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Why when I entered the loop below and I type something the first instruction cmdstd:getline(std::cin,cmdInput); does not read the input entered. For instance if I entered "b 8" it should display "cmd is b 8", but it skips to the next read std::getline(std::cin, input); and displays "it is b" instead

while (editingMode == TRUE) {
    std::getline(std::cin, cmdInput); 
    istringstream cmdiss(cmdInput);
    cout << "you entered: " << cmdInput <<endl;
    if (cmdInput != "") {      
             back_inserter<vector<string> >(tokens));
        std::cout << "cmd is " << << std::endl;

    std::getline(std::cin, input);
    istringstream iss(input);
    if(input != ""){
             back_inserter<vector<string> >(tokens));
        std::cout << "it is " << <<std::endl;
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4 Answers 4

The problem is mixing >> extractions with getline, leaving a newline (or other input) in the buffer. Blindly using ignore will hide logic errors, such as input of "42 abc" followed by cin >> some_int; cin.ignore(...);. What you really have to do is "extract" the blank line:

int main() {
  using namespace std;
  int n;
  string s;

  cout << "Enter a number: "
  cin >> n >> blankline; // <---

  if (cin) {
    cout << "Enter a line of text: ";
    getline(cin, s);

  if (!cin) {
    clog << "Sorry, I can't do that.\n";
    return 1;
  else {
    cout << "Input successful, now processing values: " << n << s << '\n';
  return 0;

Thankfully, this is easy:

template<class C, class T>
blankline(std::basic_istream<C,T>& s,
          typename std::basic_istream<C,T>::char_type delim) {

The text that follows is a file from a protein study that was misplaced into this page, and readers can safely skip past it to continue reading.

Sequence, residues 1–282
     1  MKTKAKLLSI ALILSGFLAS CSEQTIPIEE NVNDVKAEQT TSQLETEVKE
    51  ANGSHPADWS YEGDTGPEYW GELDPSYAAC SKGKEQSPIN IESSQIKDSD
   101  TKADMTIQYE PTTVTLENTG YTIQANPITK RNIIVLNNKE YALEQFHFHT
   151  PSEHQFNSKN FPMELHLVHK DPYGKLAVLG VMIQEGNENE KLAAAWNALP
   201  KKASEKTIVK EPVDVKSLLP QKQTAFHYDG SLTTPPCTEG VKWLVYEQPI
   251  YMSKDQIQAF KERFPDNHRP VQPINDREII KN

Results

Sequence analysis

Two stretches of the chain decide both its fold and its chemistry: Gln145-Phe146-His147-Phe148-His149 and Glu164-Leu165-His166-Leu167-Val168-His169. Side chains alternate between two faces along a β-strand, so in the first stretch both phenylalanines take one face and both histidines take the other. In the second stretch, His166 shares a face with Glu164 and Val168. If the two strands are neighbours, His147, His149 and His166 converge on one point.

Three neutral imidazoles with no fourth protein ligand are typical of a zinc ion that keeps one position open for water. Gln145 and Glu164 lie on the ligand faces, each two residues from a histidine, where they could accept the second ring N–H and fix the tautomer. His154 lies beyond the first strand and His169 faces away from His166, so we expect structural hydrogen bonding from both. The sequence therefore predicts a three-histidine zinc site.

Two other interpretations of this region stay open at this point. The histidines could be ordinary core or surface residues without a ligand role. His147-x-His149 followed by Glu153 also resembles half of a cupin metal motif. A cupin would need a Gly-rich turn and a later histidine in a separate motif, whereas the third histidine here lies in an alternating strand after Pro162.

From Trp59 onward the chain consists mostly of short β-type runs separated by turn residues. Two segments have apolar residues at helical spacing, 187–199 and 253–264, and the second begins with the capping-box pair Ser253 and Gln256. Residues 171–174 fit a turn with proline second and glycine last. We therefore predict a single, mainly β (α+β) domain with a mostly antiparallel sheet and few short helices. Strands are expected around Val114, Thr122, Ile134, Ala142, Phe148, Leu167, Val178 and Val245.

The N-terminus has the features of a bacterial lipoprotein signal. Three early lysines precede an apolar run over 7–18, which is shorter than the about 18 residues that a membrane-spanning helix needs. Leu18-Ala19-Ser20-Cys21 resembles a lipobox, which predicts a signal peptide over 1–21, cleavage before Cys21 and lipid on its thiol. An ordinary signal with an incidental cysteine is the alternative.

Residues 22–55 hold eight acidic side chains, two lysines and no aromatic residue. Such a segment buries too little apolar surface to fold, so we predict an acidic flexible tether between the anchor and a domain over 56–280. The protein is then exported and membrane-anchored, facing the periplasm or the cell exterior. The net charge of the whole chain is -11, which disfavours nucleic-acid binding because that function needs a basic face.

if (s) {
    typename std::basic_istream<C,T>::char_type input;
    if (!s.get(input) && s.eof()) {
    else if (input != delim) {
  return s;

template<class C, class T>
std::basic_istream<C,T>& blankline(std::basic_istream<C,T>& s) {
  blankline(s, s.widen('\n'));
  return s;
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Perhaps you have a newline character left in the input buffer, from an earlier input? This is a common error.

Lets say that your program first reads an integer with cin >> x, and then a line with getline(cin, cmdline). The user types an integer, followed by the ENTER key. The cin >> x will read the integer, but the ENTER key, interpreted as a newline character, will be left in the input buffer.

When your program then goes on to read a complete line with getline(cin, cmdline), it will read the very short line that consists of just that left-over newline character. This looks like the program "skips to the next read".

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Fairly likely that this is the problem. See… for information on clearing the input. I suggest something like Martin York's response, as it will stop when it reaches the first newline. – qid Nov 16 '09 at 19:58

There's nothing wrong with the code. It just doesn't do what you think it should :) If you want to print the whole line entered rather than the first word, don't print tokens[0]; print the input line.

Both sections do the same thing:

  1. read a line into a string
  2. create an istream from that line
  3. read the words from that istream into an array of strings called 'tokens'
  4. print the first word is the first word, obviously. check tokens.size() or iterate over tokens if you want to look for arguments like "8".

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are you sure editingMode is TRUE?

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